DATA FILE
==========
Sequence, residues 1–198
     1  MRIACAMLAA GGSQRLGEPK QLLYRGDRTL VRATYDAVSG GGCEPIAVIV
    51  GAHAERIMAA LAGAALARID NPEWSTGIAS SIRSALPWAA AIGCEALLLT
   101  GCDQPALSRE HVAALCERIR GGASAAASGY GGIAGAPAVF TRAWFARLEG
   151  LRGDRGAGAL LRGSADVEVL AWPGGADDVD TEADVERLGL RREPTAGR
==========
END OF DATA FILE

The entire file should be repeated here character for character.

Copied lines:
Sequence, residues 1–198
     1  MRIACAMLAA GGSQRLGEPK QLLYRGDRTL VRATYDAVSG GGCEPIAVIV
    51  GAHAERIMAA LAGAALARID NPEWSTGIAS SIRSALPWAA AIGCEALLLT
   101  GCDQPALSRE HVAALCERIR GGASAAASGY GGIAGAPAVF TRAWFARLEG
   151  LRGDRGAGAL LRGSADVEVL AWPGGADDVD TEADVERLGL RREPTAGR